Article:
It also has a pretty modern vibe, which some other Greek museums lack a bit – цhen I visited Acropolis for the first time, the only museum there was a small one and old fashioned one near the Parthenon. 

15. Check the Omonoia square

The Omonoia Square is one of the largest and most important squares of Athens, with the most treasured buildings there being Megas Alexandros Hotel and Bagkeion Mansion. The square was largely redesigned in 2020, just a few years ago.

If you walk around the centre of Athens, you should also have a look at the trio of magnificent neo-classical buildings of the University, the Academy and the National Library on Panepistimiou Avenue!

16. Try Greek food

Greek cuisine is one of my all-time favourites, and here’s my list of must-try Greek dishes! Don’t miss Koulouri Thessalonikis bread sold in the stalls on the streets.

Start your meal with Tzatziki, Tirokafteri and Taramasalata dips with pita bread and some fried or grilled cheeses (not only feta!) and dolmades. Souvlaki, Moussaka, Pastitsio, Gyros, and Kleftiko would make a perfect main dish, and Tiropita and Spanakopita pastries are the best for any time of the day, including breakfast. Pistashioa from Greece are another delicacy I can’t spot praising.

For desserts, try Bougatsa sweet pastry, Rizogalo pudding, Portokalopita orange cake, and Kormós chocolate sausage. And if we’re talking about drinks, thick Ellinikos Greek coffee and Frappe are the best – did you know that the latest originates from Thessaloniki?

17. Stroll along the Plaka

Plaka is another historical district of Athens that every tourist must get familiar with. It’s located right at the foot of the Acropolis and has lovely views, local restaurants and lots of shopping opportunities!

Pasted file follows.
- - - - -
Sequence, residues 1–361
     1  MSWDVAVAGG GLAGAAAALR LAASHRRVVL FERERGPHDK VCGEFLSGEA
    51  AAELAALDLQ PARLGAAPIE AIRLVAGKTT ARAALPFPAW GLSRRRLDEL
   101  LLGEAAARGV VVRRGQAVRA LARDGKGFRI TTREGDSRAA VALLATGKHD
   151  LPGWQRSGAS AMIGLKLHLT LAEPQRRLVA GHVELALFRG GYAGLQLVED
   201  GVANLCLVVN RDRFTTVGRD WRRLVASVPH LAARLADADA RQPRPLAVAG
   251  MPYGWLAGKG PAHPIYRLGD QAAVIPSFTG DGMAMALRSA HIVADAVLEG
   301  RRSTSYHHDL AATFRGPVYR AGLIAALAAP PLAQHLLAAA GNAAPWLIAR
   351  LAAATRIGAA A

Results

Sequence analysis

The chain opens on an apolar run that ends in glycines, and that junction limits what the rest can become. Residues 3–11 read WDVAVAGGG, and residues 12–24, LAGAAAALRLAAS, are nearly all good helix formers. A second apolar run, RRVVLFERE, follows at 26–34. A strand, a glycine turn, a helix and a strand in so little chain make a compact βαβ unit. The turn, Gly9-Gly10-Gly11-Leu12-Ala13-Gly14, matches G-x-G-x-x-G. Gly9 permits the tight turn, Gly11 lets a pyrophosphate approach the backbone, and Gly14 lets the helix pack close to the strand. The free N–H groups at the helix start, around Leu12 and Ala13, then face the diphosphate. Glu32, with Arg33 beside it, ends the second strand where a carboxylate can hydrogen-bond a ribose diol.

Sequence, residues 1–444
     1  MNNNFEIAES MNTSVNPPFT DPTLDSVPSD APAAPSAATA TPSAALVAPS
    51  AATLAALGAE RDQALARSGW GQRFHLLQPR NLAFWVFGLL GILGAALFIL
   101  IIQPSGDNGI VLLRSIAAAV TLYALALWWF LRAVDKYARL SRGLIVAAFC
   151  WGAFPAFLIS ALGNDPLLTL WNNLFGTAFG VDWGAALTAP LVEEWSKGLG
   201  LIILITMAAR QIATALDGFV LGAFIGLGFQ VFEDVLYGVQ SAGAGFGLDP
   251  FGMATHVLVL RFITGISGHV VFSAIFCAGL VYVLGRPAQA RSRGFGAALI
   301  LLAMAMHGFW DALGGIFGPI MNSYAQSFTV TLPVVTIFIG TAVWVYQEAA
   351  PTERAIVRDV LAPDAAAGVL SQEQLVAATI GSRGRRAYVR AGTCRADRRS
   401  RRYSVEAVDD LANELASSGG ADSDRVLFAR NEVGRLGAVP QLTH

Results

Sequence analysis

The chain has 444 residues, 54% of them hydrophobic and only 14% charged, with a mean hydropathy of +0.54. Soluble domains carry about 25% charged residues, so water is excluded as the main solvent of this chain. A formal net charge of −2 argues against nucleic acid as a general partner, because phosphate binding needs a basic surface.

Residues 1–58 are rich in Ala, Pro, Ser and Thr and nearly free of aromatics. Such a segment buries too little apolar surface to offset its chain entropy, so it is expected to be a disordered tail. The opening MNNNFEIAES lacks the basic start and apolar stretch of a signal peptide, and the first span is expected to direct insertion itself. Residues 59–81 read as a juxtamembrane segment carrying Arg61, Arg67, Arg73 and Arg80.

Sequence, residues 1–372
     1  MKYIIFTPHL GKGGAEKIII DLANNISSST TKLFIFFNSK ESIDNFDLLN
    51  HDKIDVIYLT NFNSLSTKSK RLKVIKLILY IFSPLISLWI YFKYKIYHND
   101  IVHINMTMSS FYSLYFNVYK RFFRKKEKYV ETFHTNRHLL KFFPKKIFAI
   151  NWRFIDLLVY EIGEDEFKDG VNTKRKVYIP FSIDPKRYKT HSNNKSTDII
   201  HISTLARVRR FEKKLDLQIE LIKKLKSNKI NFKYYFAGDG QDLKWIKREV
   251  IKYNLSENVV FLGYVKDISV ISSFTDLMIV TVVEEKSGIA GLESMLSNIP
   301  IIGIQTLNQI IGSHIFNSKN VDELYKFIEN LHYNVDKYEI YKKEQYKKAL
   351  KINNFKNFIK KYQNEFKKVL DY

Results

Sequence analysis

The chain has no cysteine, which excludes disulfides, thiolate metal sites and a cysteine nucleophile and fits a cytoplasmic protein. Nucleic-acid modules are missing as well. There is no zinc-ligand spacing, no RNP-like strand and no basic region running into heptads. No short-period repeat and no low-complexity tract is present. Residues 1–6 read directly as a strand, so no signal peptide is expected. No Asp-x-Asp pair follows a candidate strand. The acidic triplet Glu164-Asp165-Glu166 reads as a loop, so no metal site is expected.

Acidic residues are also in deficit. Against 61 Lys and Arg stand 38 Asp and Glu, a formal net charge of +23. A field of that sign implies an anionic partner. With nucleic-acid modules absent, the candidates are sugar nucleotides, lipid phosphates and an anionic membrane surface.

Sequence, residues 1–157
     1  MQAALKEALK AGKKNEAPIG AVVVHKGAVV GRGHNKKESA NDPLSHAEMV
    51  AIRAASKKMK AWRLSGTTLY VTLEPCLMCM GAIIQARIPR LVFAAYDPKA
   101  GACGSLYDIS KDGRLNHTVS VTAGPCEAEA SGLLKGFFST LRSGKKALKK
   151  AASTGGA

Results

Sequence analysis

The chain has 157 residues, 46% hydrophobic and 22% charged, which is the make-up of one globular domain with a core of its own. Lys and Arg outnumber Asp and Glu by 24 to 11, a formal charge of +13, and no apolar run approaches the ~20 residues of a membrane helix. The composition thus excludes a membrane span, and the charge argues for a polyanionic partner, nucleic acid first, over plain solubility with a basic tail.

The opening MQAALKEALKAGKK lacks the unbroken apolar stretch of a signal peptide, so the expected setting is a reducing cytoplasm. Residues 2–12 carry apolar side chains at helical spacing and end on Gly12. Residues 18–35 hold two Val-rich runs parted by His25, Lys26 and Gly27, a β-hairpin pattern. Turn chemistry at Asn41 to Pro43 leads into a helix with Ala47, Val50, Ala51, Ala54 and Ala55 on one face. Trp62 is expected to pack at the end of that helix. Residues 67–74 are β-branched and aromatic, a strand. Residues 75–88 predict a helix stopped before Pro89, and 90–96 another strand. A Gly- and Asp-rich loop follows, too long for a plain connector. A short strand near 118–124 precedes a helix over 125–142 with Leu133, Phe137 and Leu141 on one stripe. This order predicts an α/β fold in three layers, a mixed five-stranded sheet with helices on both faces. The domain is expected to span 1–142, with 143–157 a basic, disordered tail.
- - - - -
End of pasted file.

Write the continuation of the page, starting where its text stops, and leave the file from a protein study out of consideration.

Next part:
Two main pedestrian streets there are Kydathineon and Adrianou (the latest ways named after the Roman Emperor Hadrian). Looking for local arts and crafts, wood items, T-shirts, jewellery, postcards and souvenirs? That’s your destination, then!

The oldest house in Athens, the Benizelou Mansion or the House of St Philothei, is also located in the area, on the 96 Adrianou Street: there’s a small museum dedicated to it.

18. Visit Classic Greek landmarks

The Greek heritage of the city is probably the one you won’t miss anyway: Acropolis, Areopagus, Ancient Agora, Odeon of Herodes Atticus, Theatre of Dionysus, Lykeion, Olympieion, and Kerameikos Ancient Cemetery!

Please check another article of mine to learn more.

19.… and Roman sites

Romans have left a measurable footprint on Athens as well, and I’d suggest you take advantage of the Hadrian’s Library, Hadrian’s Library, and Roman Agora of Athens with the Gate of Athena Archegetis and Tower of the Winds.

And, finally…

20. Airplane views

Greece is one of those countries that start serving while you’re still in the air. The Athens International Airport Eleftherios Venizelos is located among the picturesque mountain chain with forested slopes standing pretty dramatically.

The flying-over-water part of the journey is good with the prettiest coast, ships, islands and other sites behind you. We had a chance to observe them in full when we didn’t land in Thessaloniki as planned due to strong winds and made it all the way back to Athens – I can’t say that I’d recommend this experience; however, I’d definitely suggest you look out from your plane window once you’re heading to Athens!

Where to stay in Athens

We stayed in the gorgeous King George Hotel on Syntagma Square. Our room was nice and luxurious, with Byredo Le Chemin skin care products and the view over the Syntagma square.

However, the best thing I loved about it was their breakfast area that functions as a restaurant in the evenings, not to mention a fantastic selection of pastries; the view over the Acropolis was just overwhelming!

You might also like:
12 Greek and Roman monuments in Athens

Hope you liked my blog!
Anna xxx